There’s no shortage of small hatchbacks to choose from, but few of them wear a premium badge. The Audi A3 and Mercedes A-Class give the BMW a hard time as they both come with an upmarket image, excellent build quality, high-tech interiors and some impressive engines. Both have excellent cabins in terms of ambience and comfort, although the back seats are a bit tight in the Mercedes, thanks to the plunging roof line.
Three contenders that are also worth a look are the Volkswagen Golf, the Mazda 3 and the SEAT Leon. The Golf is a semi-premium hatch that does everything so well, it’s easy to recommend it against all sorts of rivals, whatever badge they wear. The Golf is good to drive, has a superb interior and it’s eminently practical too. The Leon is related to the Golf, which is why it’s also dynamically accomplished. It also has a user-friendly dashboard and interior, which just like the Golf is roomy and well made. The Mazda 3 might not seem like an obvious rival, but it has excellent build quality, sharp looks and is great fun to drive. The running costs are also low, but it suffers from cramped rear seats and a boot that’s not as spacious as some rivals.
What to look for
The F40 wasn’t equipped with run-flat tyres, but BMW did supply a tyre repair kit instead of a spare wheel. A space-saver spare wheel was available for £150, but not for the 128ti or M135i xDrive; the bigger brakes of these models didn’t provide the necessary clearance.
If you’re buying a 1 Series built in 2021 or 2022, especially if it’s a high-spec model, check that all of the declared equipment is fitted. Some owners have found that the microchip shortage led to some electronic items being left out.
The adoption of front-wheel drive was key to improving the interior space, without lengthening the car. In fact, the roomier third-generation 1 Series is 5mm shorter than its predecessor.
Ride comfort can be a problem, especially if large wheels are fitted (18 or 19-inch). The fitment of adaptive suspension makes a significant difference to ride comfort, but it’s not available with 19-inch wheels.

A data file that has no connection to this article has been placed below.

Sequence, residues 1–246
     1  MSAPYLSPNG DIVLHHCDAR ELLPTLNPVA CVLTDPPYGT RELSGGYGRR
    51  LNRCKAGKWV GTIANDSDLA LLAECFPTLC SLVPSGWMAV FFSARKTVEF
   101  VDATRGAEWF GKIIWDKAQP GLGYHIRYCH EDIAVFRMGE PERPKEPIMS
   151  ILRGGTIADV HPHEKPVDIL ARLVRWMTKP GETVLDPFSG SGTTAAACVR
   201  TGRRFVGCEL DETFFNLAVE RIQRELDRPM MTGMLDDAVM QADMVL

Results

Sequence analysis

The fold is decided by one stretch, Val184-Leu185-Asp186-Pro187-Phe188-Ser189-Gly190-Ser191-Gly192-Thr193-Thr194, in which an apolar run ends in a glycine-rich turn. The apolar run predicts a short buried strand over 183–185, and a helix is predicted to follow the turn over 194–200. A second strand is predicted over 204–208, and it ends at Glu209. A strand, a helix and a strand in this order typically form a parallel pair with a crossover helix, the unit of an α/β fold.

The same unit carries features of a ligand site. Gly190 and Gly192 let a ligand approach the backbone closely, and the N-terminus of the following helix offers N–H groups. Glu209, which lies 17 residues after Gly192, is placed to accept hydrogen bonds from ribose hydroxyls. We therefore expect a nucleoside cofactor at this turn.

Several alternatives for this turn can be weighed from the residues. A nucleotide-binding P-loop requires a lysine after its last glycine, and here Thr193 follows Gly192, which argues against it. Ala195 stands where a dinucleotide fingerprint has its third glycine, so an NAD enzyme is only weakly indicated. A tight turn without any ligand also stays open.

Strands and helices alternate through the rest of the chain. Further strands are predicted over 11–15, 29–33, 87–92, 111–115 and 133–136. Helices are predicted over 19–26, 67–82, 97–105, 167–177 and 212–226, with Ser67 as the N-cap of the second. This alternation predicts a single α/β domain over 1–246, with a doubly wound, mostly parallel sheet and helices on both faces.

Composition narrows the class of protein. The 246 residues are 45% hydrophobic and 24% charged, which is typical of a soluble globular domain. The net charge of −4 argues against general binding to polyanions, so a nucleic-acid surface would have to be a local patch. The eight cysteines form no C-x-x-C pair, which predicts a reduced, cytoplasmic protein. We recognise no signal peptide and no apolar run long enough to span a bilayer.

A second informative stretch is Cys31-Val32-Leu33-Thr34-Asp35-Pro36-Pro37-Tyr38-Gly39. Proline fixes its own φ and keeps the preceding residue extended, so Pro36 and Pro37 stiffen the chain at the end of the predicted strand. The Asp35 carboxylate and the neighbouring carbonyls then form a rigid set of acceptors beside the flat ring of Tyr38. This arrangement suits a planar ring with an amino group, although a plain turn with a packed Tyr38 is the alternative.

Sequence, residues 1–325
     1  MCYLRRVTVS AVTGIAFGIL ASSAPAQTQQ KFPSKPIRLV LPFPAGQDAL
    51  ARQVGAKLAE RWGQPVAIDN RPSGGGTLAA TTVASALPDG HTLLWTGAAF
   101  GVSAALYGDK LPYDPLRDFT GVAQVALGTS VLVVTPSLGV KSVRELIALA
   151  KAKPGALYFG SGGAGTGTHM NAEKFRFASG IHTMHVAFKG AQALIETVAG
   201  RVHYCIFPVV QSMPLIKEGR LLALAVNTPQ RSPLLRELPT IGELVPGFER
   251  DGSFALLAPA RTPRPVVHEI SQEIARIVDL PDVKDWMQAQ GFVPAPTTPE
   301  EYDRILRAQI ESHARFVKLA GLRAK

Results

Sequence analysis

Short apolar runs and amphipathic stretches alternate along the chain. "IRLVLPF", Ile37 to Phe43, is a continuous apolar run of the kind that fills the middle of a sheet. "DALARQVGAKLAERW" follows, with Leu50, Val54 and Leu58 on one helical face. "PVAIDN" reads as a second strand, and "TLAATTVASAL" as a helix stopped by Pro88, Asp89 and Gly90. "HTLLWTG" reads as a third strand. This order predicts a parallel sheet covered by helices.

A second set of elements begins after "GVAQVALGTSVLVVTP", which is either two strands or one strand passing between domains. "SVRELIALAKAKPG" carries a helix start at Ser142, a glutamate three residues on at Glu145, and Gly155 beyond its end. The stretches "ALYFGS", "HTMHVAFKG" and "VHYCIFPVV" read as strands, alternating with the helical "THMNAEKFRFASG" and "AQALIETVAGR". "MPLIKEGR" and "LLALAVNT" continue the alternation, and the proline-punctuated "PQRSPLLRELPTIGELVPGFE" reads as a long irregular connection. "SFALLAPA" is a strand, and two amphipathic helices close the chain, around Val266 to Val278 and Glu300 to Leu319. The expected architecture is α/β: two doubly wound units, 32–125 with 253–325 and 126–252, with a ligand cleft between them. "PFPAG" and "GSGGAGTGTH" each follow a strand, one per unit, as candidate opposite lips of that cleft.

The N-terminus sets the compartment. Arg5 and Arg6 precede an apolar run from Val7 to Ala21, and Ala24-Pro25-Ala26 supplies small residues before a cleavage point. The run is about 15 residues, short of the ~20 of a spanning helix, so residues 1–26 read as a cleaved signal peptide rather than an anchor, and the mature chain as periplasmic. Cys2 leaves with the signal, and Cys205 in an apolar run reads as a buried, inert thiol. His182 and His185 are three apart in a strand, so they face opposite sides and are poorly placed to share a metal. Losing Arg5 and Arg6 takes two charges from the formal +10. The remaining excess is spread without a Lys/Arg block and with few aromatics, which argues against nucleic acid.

The interior of the 1 Series Mk3 offers a big jump over its predecessor in terms of design and quality. It’s ultra-modern with its large infotainment display (8.8 or 10.25-inch), and as always the instrumentation (digital in posher editions) is a model of clarity. The front seats are excellent, with plenty of support and adjustment; those in the back have a decent amount of leg room, but head room will be tight if they’re tall. Boot space is very competitive too, at 380 litres, or 1,200 litres with the back seats folded down.
As with all BMWs, the 1 Series comes with Condition-Based Servicing, which is a variable-servicing programme based on oil levels, wear rates of individual components and how hard the vehicle is driven. With normal driving an oil service is due every 16,000 miles or so. Because parts are replaced when necessary rather than according to a set schedule, there are no fixed prices for the services, but as a rule of thumb you’ll pay £243-£280 (depending on which engine is fitted) for an oil and filter change. Also replace the air filter and spark plugs and this cost jumps to £448-£597, while fresh brake fluid is required after three years and then every other year, at £90-£115. Lifetime coolant is used and all 1 Series engines are chain-driven, so there are no cambelts to replace.
BMW has issued just one recall for the third-generation 1 Series so far. It was announced in July 2020 and it affected just 39 cars made in February 2020, which could suffer from components working loose within the engine. Also affected by the same recall were some 2 Series Active Tourers and some 2 Series Gran Tourers. In some instances the parts could simply be tightened up, but the worst-case scenario was a new cylinder head being required.
Driver Power owner satisfaction
The 1 Series made its Driver Power debut in the 2021 new car survey, where it came 46th out of 75 entries. The highlights for owners are the superb quality inside and out, cabin versatility and practicality, the driving pleasure, infotainment systems and also the fuel economy. Surprisingly, owners are less impressed by the engines and gearboxes in their BMWs, the poor value, the all-round visibility, the servicing costs and the heating/ventilation systems. Meanwhile, in the 2020 Brands survey, BMW came 27th out of 30. The only brands that did worse were Mercedes, Vauxhall and Dacia. More positively, the owners who have left a review of their BMW on carbuyer.co.uk have all given their car the full five stars.